What is SWOT analysis ?

What is SWOT analysis and what does it do?

Many branches of knowledge have the keywords that it is impossible to imagine those sciences without those words.

For example, if we extract supply and demand from the economy, there will not be much left of it, despite the massive body of this knowledge.

In the same way, if we take strategy, opportunity, threat, strength, and weakness, we have diminished an important part of the strategy. The four terms commonly referred to as the first letter of their English equivalents, as a SWOT or SWOT matrix:

  1. Opportunity

  2. Threat

  3. Strength

  4. Weakness

The SWOT matrix can be considered as the oldest strategy tool, and the SWOT analysis based on this matrix has become the standard part of most of the books and official references in strategic thinking and strategic thinking.

Although we often have enough familiarity with this tool, we focus on a brief overview of this tool, with the aim of making the subjective image of friends complementary to the SWOT analysis as well as the formation of a common language in this field.

SWOT matrix

The first step in using the SWOT analysis is to list the strengths, weaknesses, opportunities and threats, each one individually and accurately. The two terms of strength and weakness refer to the internal state of the business, and opportunities and threats speak of the external environment of the business:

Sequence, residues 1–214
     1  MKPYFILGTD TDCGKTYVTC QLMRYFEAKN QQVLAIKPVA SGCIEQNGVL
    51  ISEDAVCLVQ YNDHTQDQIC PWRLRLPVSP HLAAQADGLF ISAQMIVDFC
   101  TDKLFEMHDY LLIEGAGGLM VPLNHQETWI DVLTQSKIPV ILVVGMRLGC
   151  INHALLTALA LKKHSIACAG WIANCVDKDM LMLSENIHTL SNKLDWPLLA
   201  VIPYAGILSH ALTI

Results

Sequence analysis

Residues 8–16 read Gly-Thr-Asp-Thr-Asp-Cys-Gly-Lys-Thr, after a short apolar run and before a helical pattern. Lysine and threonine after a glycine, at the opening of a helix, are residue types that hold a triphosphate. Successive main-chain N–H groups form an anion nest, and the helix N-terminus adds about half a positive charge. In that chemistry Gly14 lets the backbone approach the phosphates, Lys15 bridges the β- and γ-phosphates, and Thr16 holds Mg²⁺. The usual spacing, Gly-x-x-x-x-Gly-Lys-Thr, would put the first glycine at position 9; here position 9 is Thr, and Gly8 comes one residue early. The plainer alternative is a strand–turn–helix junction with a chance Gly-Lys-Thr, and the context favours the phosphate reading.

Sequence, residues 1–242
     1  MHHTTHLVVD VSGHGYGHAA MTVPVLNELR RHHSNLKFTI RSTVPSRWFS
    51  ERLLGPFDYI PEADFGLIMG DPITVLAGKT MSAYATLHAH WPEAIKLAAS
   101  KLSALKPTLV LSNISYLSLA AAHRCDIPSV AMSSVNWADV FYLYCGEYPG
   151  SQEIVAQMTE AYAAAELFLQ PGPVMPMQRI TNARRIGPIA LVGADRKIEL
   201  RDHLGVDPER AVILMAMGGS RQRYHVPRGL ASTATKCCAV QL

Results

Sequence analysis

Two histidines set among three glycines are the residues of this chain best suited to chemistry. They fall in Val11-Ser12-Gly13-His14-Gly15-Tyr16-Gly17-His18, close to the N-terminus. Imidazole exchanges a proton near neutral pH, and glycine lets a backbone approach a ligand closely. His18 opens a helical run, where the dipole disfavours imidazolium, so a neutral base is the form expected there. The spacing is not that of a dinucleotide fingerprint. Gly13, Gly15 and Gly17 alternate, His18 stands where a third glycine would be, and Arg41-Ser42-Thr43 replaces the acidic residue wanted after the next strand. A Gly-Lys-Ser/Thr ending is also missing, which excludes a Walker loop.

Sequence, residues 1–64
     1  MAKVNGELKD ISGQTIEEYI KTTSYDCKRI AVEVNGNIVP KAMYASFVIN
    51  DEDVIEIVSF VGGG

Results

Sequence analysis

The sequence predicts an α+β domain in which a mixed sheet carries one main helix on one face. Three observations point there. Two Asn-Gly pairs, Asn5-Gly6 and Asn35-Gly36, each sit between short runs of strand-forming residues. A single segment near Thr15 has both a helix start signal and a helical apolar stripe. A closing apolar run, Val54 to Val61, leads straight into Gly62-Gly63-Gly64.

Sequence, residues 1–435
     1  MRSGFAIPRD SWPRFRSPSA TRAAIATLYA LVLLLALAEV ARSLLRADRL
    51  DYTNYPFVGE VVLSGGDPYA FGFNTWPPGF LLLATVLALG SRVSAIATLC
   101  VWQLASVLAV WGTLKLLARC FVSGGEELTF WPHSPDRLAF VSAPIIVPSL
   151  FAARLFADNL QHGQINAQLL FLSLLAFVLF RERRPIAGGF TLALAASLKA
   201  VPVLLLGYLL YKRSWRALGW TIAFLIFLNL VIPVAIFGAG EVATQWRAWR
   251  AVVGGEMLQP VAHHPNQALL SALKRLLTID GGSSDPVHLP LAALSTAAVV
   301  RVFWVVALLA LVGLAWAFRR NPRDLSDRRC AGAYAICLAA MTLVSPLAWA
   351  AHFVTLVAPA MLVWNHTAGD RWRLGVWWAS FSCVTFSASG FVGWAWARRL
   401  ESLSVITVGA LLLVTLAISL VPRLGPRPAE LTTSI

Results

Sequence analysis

A SWOT matrix to be used later for SWOT analysis. But its framework needs to be changed

Therefore, the following can be examples of strength and weakness in a business (SW):

  • High / Low liquidity
  • Access to or lack of technical and specialized knowledge
  • Owning a strong base among customers
  • A high or low share of human resource costs in the structure of business costs
  • Simple or difficult access to vital resources for businesses
  • Motivated by the high or low labor force
  • High quality or low products
  • Accessor lack of access to a powerful distribution network

By contrast, the following can be examples of opportunities and threats in a business environment (OT):

  • The fluctuation of the rial against the dollar
  • The stability or instability of the laws in the field of the activity of a business
  • The presence or absence of large rivals with state support and subsidies
  • The prevalence or prevalence of the culture of using a business’s products
  • Changes in population pyramid and demographic characteristics of the community
  • Changes in the technological infrastructure of the country
  • Advances in the field of Information Technology
  • Strengthening or weakening the country’s political relationship with other countries
  • If we put the strengths, weaknesses, opportunities, and threats in a slightly higher framework, we will come to this matrix:
  • Sample SWOT matrix completed

SWOT analysis

SWOT matrix should not be confused with SWOT analysis. This matrix is just a way to show the status of a business. But the main goal of listing strengths, weaknesses, opportunities and threats is to look at strategic options for a business. Otherwise, the listing of strengths, weaknesses, opportunities and threats, by itself, can not be miraculous and influential.

For this reason, the next step after determining the components of S and W, and O and T is to consider their relationship with each other and their effect on each other:

SWOT analysis